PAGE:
Law School Lessons Learned at the Airport

I just got back from a girls’ weekend (yup, even the folks at the Law School Toolbox need a break from the grind).  I flew down to Palm Springs from San Francisco. This was my experience at the airport.

I was flying on a major airline carrier. I got dropped off at Terminal 3 (where the carrier flies from). Then I got my boarding pass, which showed Terminal 1. Okay, so I got on the train to Terminal 1. I was flying from Gate 37. But Terminal 1 gate signs only went up to 36. So you can imagine my confusion. At this point (I didn’t want to miss my flight) I started to ask for help. I first went up to a woman at the ticket counter and asked her for help. She told me to go to Terminal 2. I started walking in that direction and decided that her advice just didn’t feel right. So I turned around and found someone else. The next person I asked told me to go through security,  which only went to gate 36. That still didn’t feel right. So I asked someone else—who confirmed for me that I was in the right place (even though there were no signs for Gate 37 anywhere). I kept asking and finally found Gate 37 (which was in fact on a lower level but not listed). At last I settled down to relax, when a gate change was announced! Luckily, that gate was much easier to find than Gate 37. So after having walked what seemed like miles around SFO followed by a short delay due to mechanical difficulties (yes, it was one of those travel days)—I finally made my way to Palm Springs.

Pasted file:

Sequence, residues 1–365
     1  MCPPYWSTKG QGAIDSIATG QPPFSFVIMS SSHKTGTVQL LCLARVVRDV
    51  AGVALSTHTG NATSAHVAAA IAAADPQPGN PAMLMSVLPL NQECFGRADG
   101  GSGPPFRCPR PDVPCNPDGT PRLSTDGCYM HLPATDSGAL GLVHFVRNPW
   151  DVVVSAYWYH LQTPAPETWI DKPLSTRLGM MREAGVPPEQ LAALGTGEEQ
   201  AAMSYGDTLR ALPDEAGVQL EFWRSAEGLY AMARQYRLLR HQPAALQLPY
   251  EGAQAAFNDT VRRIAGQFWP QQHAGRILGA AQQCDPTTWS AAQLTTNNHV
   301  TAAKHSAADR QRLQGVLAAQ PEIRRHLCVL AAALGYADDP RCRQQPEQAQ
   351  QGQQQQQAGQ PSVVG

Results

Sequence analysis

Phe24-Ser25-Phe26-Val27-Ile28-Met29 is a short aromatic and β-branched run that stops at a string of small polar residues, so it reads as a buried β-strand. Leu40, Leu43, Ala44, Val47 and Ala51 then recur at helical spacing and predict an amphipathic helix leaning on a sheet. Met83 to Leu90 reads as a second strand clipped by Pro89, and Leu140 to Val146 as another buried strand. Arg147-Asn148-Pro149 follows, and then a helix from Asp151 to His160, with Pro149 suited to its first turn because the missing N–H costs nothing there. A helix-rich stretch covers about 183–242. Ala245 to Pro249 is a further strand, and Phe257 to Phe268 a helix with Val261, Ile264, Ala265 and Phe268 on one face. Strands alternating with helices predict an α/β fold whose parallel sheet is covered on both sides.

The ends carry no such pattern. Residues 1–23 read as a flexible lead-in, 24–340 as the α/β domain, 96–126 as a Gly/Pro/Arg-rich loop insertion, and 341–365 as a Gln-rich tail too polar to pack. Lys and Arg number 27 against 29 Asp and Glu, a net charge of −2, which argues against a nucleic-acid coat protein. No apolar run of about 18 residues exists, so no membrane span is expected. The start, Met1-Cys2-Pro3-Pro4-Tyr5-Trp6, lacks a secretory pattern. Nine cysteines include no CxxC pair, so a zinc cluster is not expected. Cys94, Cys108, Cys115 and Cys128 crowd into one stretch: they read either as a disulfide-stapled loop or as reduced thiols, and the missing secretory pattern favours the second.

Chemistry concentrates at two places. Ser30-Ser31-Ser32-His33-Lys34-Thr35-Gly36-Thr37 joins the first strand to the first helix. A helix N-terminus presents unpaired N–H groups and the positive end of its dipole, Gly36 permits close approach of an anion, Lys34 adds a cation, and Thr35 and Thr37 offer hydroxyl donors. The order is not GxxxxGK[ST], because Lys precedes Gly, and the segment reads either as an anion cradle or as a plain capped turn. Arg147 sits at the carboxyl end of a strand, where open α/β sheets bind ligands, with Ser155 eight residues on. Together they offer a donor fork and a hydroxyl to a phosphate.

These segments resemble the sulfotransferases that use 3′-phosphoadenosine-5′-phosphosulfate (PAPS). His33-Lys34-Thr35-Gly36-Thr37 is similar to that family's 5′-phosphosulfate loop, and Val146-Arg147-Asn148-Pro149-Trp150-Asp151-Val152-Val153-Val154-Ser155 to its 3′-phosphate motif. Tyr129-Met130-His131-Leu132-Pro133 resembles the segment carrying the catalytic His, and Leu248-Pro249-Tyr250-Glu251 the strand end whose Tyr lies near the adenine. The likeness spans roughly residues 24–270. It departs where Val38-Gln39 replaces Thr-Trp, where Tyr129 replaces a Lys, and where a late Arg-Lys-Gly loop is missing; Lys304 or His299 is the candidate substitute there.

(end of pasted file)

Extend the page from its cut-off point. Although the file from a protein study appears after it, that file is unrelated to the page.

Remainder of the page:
Now what is the point of sharing this story with you? Not to make you jealous of my weekend away or to get sympathy for my somewhat frustrating morning at the airport. But I thought that my experience at the airport might be similar to what a lot of law students go through, especially in their first or second years.

You aren’t sure where to go for help.

Many law students come into my office and tell me that one of the frustrating things about law school is that they don’t know where to go for help.  Some start by going to their friends or by joining a study group of fellow law students (but they may give bad advice or be just as confused as you are). Student mentors can be helpful, but again they are just law students giving advice to other law students. You may need to take their advice with a grain of salt.

Also, there are professors who can be very helpful (we recommend you go to office hours). But sometimes students hesitate because they don’t want to feel stupid in front of their professors (which really shouldn’t be a concern, but it is for many nonetheless).

Where else can you go for help? Well, obviously we think resources like the Law School Toolbox Course can be helpful. And some students find that hiring a private law school tutor can make all the difference. You can ask the questions you don’t want to ask your professors. A tutor can help discuss the various aspects of the law school experience (from preparing for class and setting your schedule to writing an amazing exam answer). Moreover, it can be really comforting to have a consistent resource to ask questions whenever you are feeling confused and/or frustrated.

When I was wandering around the airport, I literally didn’t know who was the right person to ask. And it was very frustrating. I don’t want you, as a student, to feel that way when navigating law school.